Faust Vol. 2 (Del Rey)

If you’re a fan of Japanese popular culture looking for something a little different, you’ll probably find something of interest in this anthology of manga-influenced stories, comics, and articles.

 

 

 
432 pgs., B & W; $17.95
(W & A: various)
Faust is a popular magazine published in Japan by Kodansha which carries a mix of stories, comics, and articles that are influenced by manga culture but tend more toward the innovative and cutting-edge rather than high school tales about bishie boys and big-eyed girls. These anthologies are like samplers which allow you to experience the work of a number of artists and writers at a lower cost than two volumes in a typical manga series, and each selection is preceded by a brief introduction to the artist and the work which can go a long way toward filling in the gaps in your knowledge of Japanese culture. You may not care for every work, but if you’re a fan of Japanese popular culture looking for something a little different you’ll probably find something of interest in the two Faust anthologies available in English (see our review of vol. 1 here).
About 20 percent of the pages in vol. 2 are devoted to graphic works, several of which are so brief they are more like impressionistic poems than stories told graphically. But they’re interesting because most of the art is so different in terms of style and layout from what you usually see in manga. The one exception is the longest piece, “Iron Man Military Unit” by Ueda Hajime, which was also my least favorite in this section because it just didn’t seem all that special. More appealing to me was the very weird “Dream of the Butterflies” by x6suke (and what’s up with the crazy pseudonyms for mangaka anyway?), which in only four pages takes apparently conventional manga art to a strange place indeed. I had a similar response to “Her Transparent Belly Button” by Wakako Katayama, which looks like something Marc Chagall might have cooked up after a little too much sake. The fact that I have no idea what either of these pieces “mean” doesn’t deter my interest in the slightest: I guess I just have a taste for the strange.
Looking at the fiction selection, the story which spoke to me most strongly was “Where the Wind Blows” by Otsuishi, which starts out as a tale of a withdrawn teenager trying to adjust to a new home who quickly finds herself in the Twilight Zone when a mysterious wind keeps blowing things onto her veranda, and it gets even stranger when she notices that some of them come from the future. “Magical Girl Risuka” by NISIOISIN (the longest story in the collection at 70 pages) is indeed about a magic girl, in this case one who can alter time, but it’s less conventional (and less appropriate for younger readers) than you might think. “H People” by Kozy Watanabe is a very strange story (in a series about hikkikomori, or people who withdraw from the world) about a young man who seems to have spent too much time with electronic versions of reality and not enough with the real thing. The fiction section also contains “Jagdtiger(PorscheLaufwerk)” by Kouhei Kadano, an excerpt from “Gray-Colored Diet Coke” by Yuya Sato, “ECCO” by Tatsuhiko Takimoto, and the very strange and very brief “Yabai de Show” by Ryusui Seiryoin  (no idea what this one’s about either). There are also two “counseling sessions” in which Yuya Sato and Tatsuhiko Takimoto give a satirical spin to a traditional magazine staple: the advice column.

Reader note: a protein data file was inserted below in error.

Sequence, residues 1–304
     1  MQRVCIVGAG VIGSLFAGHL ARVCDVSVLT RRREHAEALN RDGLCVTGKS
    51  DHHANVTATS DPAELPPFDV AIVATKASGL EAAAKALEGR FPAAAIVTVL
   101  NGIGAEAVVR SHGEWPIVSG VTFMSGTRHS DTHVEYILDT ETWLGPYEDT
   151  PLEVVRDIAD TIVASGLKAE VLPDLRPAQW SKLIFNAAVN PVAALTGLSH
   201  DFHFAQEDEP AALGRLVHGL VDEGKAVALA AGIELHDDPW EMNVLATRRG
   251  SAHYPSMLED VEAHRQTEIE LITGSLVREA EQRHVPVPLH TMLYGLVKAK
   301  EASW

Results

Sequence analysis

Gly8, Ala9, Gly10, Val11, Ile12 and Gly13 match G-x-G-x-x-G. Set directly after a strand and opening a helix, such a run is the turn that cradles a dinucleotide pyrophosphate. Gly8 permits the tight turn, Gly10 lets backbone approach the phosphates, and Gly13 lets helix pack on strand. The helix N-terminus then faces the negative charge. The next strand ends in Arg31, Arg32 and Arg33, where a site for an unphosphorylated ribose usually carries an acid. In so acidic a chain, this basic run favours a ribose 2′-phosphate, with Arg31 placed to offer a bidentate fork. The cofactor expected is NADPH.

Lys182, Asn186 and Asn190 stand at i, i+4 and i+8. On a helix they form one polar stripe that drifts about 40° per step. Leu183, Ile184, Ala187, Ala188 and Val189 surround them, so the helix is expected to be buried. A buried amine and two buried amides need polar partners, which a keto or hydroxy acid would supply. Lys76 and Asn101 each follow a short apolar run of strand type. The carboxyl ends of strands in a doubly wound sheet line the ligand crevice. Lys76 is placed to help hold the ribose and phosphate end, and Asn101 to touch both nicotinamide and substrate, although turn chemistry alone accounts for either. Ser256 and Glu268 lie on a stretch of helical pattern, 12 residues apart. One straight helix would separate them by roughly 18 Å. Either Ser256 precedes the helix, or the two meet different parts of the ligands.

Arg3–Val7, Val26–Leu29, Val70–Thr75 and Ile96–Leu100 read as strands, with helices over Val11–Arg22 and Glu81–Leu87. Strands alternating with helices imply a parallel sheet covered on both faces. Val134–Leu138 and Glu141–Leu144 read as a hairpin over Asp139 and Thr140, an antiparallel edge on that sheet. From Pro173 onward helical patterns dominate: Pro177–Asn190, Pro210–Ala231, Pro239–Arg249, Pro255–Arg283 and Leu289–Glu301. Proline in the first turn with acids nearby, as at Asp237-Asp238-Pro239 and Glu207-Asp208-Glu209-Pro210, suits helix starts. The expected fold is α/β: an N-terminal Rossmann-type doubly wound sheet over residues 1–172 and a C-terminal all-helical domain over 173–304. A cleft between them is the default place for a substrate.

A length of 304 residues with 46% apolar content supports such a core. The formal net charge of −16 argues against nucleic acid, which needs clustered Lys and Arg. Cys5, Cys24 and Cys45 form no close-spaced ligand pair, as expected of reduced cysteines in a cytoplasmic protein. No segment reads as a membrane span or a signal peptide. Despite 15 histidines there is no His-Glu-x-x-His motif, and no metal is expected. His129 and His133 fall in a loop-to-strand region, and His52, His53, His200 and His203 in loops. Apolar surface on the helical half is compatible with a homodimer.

Faust vol. 2 also includes several articles and interviews. Otaku (fans, in this case, of certain types of popular culture) are the target market for Faust so it’s entirely fitting that the collection should include an essay by Kaichiro Morikawa on the business aspects of Japanese products targeted to otaku. And here’s something I learned from this essay: ninety percent of the money made overseas in the anime business comes not from sales and rentals of DVDs and videos themselves but from ancillary products (e.g. figurines) based on the characters in the anime. There’s also a group discussion among NISIOISIN, Otsuichi, Yuya Sato and Tasuhiko Takimoto on many subjects including the publication of the first Faust anthology in English and an interview with Yukari Shiina and Andrew Cunningham on the difficulties of translation. | Sarah Boslaugh

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